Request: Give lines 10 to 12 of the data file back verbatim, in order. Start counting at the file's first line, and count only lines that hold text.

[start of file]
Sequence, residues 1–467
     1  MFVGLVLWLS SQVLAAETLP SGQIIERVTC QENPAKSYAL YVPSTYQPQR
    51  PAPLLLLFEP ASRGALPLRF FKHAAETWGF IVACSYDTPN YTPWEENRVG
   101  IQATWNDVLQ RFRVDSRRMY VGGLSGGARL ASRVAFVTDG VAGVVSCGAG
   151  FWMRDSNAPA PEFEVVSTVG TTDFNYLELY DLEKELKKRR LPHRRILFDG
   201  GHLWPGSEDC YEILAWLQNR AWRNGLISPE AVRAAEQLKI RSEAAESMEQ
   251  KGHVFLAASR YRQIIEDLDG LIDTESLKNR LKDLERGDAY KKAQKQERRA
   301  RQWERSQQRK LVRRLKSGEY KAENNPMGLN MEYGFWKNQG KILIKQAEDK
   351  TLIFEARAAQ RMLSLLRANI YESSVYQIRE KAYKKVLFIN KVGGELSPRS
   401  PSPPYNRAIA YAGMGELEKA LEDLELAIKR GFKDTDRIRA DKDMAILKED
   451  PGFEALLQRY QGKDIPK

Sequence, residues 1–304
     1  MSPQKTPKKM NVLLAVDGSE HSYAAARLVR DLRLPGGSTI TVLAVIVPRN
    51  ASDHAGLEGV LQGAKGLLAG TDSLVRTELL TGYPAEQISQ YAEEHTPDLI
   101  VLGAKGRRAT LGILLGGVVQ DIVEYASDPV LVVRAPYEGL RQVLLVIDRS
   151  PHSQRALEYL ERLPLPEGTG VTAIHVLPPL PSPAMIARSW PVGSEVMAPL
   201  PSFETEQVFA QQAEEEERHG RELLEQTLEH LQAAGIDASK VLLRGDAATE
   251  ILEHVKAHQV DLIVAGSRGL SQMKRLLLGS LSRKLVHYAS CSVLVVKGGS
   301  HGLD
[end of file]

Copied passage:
   401  PSPPYNRAIA YAGMGELEKA LEDLELAIKR GFKDTDRIRA DKDMAILKED
   451  PGFEALLQRY QGKDIPK

Sequence, residues 1–304